Mission Drift and Mission True

Greatness is not in where we stand, but in what direction we are moving. We must sail sometimes with the wind and sometimes against it – but sail we must and not drift, nor lie at anchor. – Oliver Wendell Holmes

In 1852, Henry Wells and Williams Fargo founded Wells Fargo. What once was a legendary part of the American West as a stagecoach company, has become one of the most well-known financial institutions of today, largely because they’ve remained true to their core vision and values. While the company has certainly evolved from its humble beginnings, it hasn’t wavered in its focus.

This example is shared and discussed in Peter Greer and Chris Horst’s book Mission Drift, which focuses on the importance of staying “mission true” – from core values to staff to customers to business plan – and shares examples of organizations (ranging from large to small) that have thrived (and stumbled) through the years.

I sit on the board of the local Social Enterprise Alliance chapter here in Nashville and, last week, we talked about this idea as it relates to the nonprofit/social enterprise world. “Do we accept investment dollars/funding/support from those who may not align with our core vision and purpose?”

One person responded:

“It isn’t church if you don’t invite the sinners.”

This concept of mission drift and remaining “mission true” isn’t unique to any one industry. From Wells Fargo to your local nonprofit to what we do here at Proof, we’re all constantly met with opportunities to waver and/or evolve from where we are in pursuit of where we want to be.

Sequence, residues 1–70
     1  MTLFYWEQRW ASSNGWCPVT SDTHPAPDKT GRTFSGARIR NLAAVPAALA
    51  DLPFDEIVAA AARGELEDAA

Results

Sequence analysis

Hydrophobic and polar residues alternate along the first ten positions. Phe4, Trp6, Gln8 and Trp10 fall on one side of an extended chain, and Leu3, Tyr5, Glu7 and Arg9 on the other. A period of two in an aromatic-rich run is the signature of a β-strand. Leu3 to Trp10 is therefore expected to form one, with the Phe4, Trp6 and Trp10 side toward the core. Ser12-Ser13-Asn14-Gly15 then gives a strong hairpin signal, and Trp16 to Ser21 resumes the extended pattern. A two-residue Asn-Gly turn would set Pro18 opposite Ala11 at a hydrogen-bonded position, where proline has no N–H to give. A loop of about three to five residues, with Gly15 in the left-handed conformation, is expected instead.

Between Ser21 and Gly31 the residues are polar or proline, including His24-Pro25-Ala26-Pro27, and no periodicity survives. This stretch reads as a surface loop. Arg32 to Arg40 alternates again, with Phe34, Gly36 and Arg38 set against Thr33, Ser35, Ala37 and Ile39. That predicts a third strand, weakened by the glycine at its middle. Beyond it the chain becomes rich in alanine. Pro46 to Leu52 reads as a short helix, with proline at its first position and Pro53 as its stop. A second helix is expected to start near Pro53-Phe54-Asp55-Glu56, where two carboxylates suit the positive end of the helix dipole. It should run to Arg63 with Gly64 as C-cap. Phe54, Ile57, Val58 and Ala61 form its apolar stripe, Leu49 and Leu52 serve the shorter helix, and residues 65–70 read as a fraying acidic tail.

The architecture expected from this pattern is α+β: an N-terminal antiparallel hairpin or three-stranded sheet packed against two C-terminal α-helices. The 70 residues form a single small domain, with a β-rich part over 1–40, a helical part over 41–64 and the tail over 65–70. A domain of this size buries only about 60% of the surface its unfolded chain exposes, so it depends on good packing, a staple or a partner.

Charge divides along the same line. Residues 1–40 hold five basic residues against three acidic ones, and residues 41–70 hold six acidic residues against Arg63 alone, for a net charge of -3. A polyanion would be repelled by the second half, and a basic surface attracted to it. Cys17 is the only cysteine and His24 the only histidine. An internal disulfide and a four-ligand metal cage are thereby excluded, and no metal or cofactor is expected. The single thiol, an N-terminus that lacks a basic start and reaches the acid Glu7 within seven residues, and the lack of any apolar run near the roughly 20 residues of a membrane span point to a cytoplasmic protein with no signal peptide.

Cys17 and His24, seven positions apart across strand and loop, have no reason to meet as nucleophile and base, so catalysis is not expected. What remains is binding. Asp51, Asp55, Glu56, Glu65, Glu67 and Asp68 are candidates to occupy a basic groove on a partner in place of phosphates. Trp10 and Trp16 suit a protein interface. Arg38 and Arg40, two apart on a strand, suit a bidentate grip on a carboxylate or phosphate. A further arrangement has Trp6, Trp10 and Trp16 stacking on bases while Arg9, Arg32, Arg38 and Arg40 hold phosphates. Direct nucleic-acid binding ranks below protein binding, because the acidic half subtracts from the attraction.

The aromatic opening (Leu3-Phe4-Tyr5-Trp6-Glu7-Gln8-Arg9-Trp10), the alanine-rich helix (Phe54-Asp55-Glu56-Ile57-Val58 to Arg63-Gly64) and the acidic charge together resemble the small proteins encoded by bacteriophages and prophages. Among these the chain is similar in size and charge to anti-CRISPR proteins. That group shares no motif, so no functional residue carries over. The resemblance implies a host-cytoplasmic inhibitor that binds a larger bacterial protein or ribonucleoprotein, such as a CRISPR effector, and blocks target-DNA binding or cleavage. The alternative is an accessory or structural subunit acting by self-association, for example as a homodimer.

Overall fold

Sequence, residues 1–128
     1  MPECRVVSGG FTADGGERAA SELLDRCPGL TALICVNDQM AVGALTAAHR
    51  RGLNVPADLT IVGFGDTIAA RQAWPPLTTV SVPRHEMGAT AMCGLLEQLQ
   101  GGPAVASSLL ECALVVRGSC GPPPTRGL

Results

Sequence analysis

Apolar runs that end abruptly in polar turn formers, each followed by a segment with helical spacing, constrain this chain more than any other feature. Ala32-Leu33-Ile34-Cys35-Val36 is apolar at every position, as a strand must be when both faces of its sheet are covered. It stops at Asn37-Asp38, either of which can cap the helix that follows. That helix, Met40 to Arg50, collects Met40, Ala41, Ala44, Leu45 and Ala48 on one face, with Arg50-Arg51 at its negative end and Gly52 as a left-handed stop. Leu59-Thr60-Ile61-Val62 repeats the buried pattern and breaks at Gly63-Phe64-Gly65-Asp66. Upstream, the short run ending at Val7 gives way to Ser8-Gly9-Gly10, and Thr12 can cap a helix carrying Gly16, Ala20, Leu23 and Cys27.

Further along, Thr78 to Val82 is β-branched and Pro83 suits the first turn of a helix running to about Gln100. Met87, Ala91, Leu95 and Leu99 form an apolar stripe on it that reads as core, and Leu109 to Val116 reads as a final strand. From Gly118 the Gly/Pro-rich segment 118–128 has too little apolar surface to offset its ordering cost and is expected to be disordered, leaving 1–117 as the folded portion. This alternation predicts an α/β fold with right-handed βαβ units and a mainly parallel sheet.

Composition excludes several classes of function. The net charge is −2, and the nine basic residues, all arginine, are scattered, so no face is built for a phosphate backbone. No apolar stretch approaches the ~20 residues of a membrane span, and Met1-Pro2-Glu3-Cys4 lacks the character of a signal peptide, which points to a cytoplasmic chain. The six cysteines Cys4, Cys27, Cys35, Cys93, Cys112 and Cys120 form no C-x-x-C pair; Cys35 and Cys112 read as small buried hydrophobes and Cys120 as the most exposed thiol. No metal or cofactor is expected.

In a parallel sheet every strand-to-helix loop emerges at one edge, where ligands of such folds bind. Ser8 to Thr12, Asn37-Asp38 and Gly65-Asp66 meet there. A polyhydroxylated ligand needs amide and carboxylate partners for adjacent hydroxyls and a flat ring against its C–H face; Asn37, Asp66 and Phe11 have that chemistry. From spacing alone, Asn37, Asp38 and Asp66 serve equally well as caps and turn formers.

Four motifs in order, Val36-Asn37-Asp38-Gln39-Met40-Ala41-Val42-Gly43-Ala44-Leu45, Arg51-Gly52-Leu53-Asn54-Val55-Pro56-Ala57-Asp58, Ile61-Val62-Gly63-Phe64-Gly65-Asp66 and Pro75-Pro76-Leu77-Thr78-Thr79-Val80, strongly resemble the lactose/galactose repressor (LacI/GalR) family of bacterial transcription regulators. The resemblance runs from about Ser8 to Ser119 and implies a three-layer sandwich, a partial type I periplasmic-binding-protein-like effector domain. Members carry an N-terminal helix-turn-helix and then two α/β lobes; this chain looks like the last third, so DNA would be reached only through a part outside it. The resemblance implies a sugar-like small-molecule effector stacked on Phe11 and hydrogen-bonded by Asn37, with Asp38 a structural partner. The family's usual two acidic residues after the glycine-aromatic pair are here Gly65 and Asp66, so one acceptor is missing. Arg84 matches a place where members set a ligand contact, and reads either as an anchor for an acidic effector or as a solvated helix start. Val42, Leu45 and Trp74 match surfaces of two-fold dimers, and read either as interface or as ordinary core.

Should you take on that one client whose offer is double what you normally receive but whose product idea seems absolutely insane and sure to fail? Do you accept a big check from a big business who may have questionable ethics in your pursuit of funding and investment? Do you turn down a three billion dollar buyout from Facebook because you don’t want to work for Mark Zuckerberg? (I’m looking at you, Snapchat)

The answer is rarely a simple “yes” or “no”, but must always come back to your core mission and purpose.

In Mission Drift, Wells Fargo is used as an exemplar of remaining “mission true”. Nearly every stagecoach company went out of business with the arrival of trains. Trains were faster and more convenient, yet Wells Fargo’s mission and purpose remained focused on the quality protection and transportation of customers’ valuables. The rounded wood body of the Concord stagecoach rested on a unique suspension system that provided a stable, secure ride.

Though they were not the cheapest, fastest, or most convenient, they were steadfast in their mission of being the best.

As a brand, your mission is at the core of everything you do. In our work with clients, we call this your “Brand Declaration”. It’s realized in your core values, messaging and copy, design and aesthetic, and in the products/services you sell.

You’ve likely seen the Wells Fargo tagline, “Together we’ll go far”. After over 150 years, the company remains “mission true”. Imagine your company/organization 150 years from now. How will you stay true to your mission? What will your legacy be?

“We must sail sometimes with the wind and sometimes against it – but sail we must and not drift, nor lie at anchor.”

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